It’s nice if many people always state what should and could be done about something. I think it’s far more helpful to actually get going and do something about it.

What skills do you need for a career in tech (aside from the actual tech skills)?

I would say they are the exact same skills that you’d need everywhere else: passion for what you do, being able to communicate with people, keep your focus, be able to work in teams, always ask questions to understand things better and in more detail, be willing to make decisions and be able to see and keep in mind the big picture. Last but not least: be willing to learn new things and believe in your abilities and yourself.

What is your advice for aspiring entrepreneurs?

Ask yourself why you want to become an entrepreneur and what your values are. What do you want to accomplish? Talk to many many people about your idea and never ever be afraid of asking for help. Don’t wait for the perfect personal moment to start. There will probably never ever be this perfect personal moment. There is only the perfect moment for your idea. And then you have to jump! Otherwise, it might be too late. Never forget that you have a brain and two hands: no matter what happens to your startup or company – if it doesn’t work out this time, you will find another job somewhere. Keeping this in mind, the risk you take is never as high as it seems in the beginning. My biggest learning and advice is though: take really good care of yourself! Only then will you be able to have enough energy to keep going, especially in the times when it gets really tough.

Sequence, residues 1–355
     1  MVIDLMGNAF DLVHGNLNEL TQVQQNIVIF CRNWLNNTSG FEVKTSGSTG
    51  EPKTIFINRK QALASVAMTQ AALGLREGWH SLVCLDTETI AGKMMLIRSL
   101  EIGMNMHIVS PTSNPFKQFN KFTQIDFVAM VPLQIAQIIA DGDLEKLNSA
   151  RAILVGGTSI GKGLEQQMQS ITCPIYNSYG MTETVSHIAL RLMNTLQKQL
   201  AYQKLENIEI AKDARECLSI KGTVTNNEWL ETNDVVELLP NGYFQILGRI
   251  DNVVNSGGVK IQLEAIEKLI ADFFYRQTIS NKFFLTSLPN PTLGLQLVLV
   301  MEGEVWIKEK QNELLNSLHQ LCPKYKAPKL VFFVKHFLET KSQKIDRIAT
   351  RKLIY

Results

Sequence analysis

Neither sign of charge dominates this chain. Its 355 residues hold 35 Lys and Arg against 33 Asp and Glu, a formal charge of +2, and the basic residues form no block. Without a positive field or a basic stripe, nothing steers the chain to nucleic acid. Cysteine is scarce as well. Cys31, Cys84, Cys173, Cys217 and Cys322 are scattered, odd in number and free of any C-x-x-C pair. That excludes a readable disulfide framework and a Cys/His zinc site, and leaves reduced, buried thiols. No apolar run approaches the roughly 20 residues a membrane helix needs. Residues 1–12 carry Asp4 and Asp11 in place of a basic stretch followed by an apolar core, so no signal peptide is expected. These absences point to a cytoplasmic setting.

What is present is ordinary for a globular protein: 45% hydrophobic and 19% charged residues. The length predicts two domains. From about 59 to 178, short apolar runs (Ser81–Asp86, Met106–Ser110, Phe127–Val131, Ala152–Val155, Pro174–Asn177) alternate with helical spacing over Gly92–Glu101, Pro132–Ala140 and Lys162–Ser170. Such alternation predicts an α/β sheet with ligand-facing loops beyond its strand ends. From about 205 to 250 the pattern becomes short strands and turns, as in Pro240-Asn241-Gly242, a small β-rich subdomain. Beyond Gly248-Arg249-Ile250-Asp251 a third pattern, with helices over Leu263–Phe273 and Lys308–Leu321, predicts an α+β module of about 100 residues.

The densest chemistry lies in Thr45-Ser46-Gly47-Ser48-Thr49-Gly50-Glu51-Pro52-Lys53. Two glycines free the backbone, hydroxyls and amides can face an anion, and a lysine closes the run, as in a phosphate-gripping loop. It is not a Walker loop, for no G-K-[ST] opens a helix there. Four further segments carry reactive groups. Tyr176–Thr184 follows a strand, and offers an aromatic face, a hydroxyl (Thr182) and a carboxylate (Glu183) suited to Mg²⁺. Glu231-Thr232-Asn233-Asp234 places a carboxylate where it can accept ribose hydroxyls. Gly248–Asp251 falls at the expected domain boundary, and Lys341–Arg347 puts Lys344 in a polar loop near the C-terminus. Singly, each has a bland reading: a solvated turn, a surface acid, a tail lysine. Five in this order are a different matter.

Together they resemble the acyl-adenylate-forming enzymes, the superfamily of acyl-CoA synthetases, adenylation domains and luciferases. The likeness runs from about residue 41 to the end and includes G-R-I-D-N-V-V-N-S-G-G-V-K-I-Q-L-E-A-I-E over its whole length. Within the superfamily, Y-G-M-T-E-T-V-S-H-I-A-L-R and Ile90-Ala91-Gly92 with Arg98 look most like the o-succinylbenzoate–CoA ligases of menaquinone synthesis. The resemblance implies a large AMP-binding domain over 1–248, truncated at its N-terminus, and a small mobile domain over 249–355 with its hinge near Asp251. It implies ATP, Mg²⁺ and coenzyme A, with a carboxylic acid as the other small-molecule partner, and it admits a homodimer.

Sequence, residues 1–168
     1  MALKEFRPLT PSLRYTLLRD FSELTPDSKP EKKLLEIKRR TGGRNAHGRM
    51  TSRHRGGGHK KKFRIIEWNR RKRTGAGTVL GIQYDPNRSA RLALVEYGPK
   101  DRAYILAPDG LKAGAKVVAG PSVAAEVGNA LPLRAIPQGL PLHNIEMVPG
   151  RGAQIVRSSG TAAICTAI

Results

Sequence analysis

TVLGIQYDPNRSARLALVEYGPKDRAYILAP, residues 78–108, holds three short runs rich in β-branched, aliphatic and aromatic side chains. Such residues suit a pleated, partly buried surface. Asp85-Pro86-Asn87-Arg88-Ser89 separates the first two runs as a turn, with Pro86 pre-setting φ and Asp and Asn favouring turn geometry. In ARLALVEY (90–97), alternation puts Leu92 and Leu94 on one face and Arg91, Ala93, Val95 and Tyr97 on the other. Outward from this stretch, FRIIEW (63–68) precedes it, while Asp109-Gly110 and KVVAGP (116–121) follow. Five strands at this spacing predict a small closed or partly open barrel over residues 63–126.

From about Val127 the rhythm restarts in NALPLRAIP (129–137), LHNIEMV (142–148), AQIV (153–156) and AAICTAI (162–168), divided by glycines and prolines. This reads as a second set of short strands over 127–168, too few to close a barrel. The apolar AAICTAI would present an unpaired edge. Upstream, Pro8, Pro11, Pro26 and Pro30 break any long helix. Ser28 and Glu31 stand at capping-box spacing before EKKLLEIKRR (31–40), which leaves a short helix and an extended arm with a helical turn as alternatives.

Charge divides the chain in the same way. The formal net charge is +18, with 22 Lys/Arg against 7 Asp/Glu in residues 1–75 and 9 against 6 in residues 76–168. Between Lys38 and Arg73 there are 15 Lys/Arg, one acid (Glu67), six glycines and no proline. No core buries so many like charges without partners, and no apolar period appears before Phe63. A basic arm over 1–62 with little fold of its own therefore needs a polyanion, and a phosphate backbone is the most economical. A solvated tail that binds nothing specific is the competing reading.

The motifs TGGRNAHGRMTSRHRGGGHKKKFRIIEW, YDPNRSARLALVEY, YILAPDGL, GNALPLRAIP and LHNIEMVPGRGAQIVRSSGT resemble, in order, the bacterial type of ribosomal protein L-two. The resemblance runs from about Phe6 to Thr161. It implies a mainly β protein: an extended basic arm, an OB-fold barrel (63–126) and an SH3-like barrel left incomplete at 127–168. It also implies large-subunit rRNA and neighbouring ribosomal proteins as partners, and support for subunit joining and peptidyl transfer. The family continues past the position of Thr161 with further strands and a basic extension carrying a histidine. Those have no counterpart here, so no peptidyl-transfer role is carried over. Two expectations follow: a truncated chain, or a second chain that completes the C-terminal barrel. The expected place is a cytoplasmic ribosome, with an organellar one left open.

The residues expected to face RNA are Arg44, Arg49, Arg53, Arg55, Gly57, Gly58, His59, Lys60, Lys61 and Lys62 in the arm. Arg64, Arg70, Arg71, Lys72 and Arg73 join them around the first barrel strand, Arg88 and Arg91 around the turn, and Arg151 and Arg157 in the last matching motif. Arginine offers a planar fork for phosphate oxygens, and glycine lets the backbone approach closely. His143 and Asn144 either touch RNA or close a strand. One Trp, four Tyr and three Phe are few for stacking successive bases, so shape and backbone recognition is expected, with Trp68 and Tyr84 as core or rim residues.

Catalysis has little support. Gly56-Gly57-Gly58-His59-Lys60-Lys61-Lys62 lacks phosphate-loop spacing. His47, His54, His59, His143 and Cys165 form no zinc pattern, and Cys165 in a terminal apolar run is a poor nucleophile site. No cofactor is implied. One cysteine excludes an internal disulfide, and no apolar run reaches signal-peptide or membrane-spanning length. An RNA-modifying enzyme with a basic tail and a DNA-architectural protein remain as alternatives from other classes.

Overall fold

Never forget that you have a brain and two hands: no matter what happens to your startup or company – if it doesn’t work out this time, you will find another job somewhere. Keeping this in mind, the risk you take is never as high as it seems in the beginning.

What and who were the influencers of who you are today?

My grandmother has definitely influenced me a lot. As a child, I always begged her to tell me stories about her youth, how she grew up and about her life. She had a really tough life, was an orphan already when she was 18 years old, lost her brother with 21, was a nurse in World War II and was a woman who was working fulltime with two little children already in the 1950s. I think she was desperate very often – but she never ever gave up and was so keen on learning something new all the time.

Ask yourself why you want to become an entrepreneur and what your values are. Talk to many many people about your idea and never ever be afraid of asking for help. Don’t wait for the perfect personal moment to start. There will probably never ever be it.